During the September 30, 2018, installment of Atlanta’s FOX 5’s political roundtable program, the Georgia Gang, guest host Phil Kent opened with a disturbing segment on rising crime in Metro Atlanta. According to a featured story from Lori Geary, the offenses that are escalating include murders and aggravated assaults. Her report and the dialogue that followed revealed yet another distressing detail in the devastatingly destructive damage that criminal street gangs continue to inflict upon the Peach State.

Atlanta’s swelling murder and aggravated assault rates are indisputably gang-related.  Murders and aggravated assaults—both violent crimes—are brands of criminality highly associated with gangs. In fact, a federal study determined gangs are responsible for 48% percent of violent crime in most jurisdictions and up to 90% percent in others across America.

Staggering estimates of Georgia’s gang membership reinforce the foregoing conclusion. In 2018, the Georgia Gang Investigators Association released survey results showing over 70,000 gang members and associates active in the Peach State. Last week, Atlanta’s 11Alive reported that the FBI places gang membership in Metro Atlanta alone at 50,000. Worse yet, the 11Alive story warned that Metro Atlanta gangs deliberately target children for recruitment.

The devastating effects of gangs on Georgia are not merely experienced by the thousands of victims of gang crime. As columns by these authors in both InsiderAdvantage and Merion West have explained, Georgia’s recent drop in CNBC’s business ratings and prior Number 6 ranking in Forbes’ most dangerous cities in the U.S. list are inescapably the outgrowth of gang activity. Given that the very next topic on the Georgia Gang’s September 30 episode concerned plans to invigorate the “Gulch” area of downtown Atlanta, aggressively combating gangs should be a top priority to promote positive economic growth, as well as improved public safety.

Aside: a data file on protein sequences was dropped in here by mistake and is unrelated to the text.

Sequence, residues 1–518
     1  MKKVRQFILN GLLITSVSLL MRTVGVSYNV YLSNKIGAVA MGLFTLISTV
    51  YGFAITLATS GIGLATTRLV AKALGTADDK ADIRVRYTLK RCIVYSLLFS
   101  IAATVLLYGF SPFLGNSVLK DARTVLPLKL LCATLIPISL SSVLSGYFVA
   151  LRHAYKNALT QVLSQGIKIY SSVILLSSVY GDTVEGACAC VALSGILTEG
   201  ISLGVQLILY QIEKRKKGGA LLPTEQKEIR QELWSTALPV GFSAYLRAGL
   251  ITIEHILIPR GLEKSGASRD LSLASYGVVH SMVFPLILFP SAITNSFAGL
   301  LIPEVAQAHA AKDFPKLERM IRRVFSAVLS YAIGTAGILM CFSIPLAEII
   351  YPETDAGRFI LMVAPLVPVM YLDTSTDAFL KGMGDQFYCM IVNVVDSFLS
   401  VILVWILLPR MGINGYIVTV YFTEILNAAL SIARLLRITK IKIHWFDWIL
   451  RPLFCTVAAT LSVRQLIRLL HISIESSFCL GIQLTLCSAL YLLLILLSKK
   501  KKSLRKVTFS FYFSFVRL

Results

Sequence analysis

Visiting Georgia Gang panelist and high-profile commercial litigator Cary Ichter insightfully advanced that increased efforts to contend with Atlanta’s mounting murder and aggravated assault rates should embody best practices. Because gangs are at the heart of the escalation of these offenses, redoubled efforts should focus on, to paraphrase the words of our General Assembly, the “eradication” of gangs.

In a host of venues, these authors have delineated critical anti-gang imperatives for both Georgia and the United States. Georgia’s Attorney General should have clear statutory authority to prosecute gangs and full staffing to do so. Georgia district attorney’s offices should be supplied with state-funded gang prosecutor positions and corresponding training through the Prosecuting Attorneys Council of Georgia. Federally, Georgia’s United States Senators and Congressional Representatives should strive for passage of a federal gang prosecution law.

The Georgia Gang performed admirably in giving this alarming spike in murders and aggravated assaults primacy in its latest broadcast. Lori Geary’s reporting should be commended. We can only hope that future Georgia Gang broadcasts will identify the source of this hazardous intensification—gangs—and call for the most impactful means to rid the Peach State of their expanding menace.

If so, the Georgia Gang’s entire cast and crew would qualify as “This Week’s Winners.”

So would Georgia.

Vic Reynolds is the District Attorney for the Cobb Judicial Circuit in Metro-Atlanta, Georgia. Mike Carlson serves as the Deputy Chief Assistant District Attorney for District Attorney Reynolds’ Gang Prosecution Unit. Both have been honored by the Georgia Gang Investigators Association for their efforts against criminal street gangs. 


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